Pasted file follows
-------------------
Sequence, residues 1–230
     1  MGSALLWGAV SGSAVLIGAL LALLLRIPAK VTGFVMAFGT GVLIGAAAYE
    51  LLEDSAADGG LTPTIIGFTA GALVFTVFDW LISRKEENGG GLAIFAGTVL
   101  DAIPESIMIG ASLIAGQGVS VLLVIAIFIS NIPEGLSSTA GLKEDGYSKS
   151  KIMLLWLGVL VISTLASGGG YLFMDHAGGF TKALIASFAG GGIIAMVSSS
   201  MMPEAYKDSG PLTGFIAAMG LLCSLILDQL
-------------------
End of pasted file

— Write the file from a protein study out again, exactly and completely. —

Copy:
Sequence, residues 1–230
     1  MGSALLWGAV SGSAVLIGAL LALLLRIPAK VTGFVMAFGT GVLIGAAAYE
    51  LLEDSAADGG LTPTIIGFTA GALVFTVFDW LISRKEENGG GLAIFAGTVL
   101  DAIPESIMIG ASLIAGQGVS VLLVIAIFIS NIPEGLSSTA GLKEDGYSKS
   151  KIMLLWLGVL VISTLASGGG YLFMDHAGGF TKALIASFAG GGIIAMVSSS
   201  MMPEAYKDSG PLTGFIAAMG LLCSLILDQL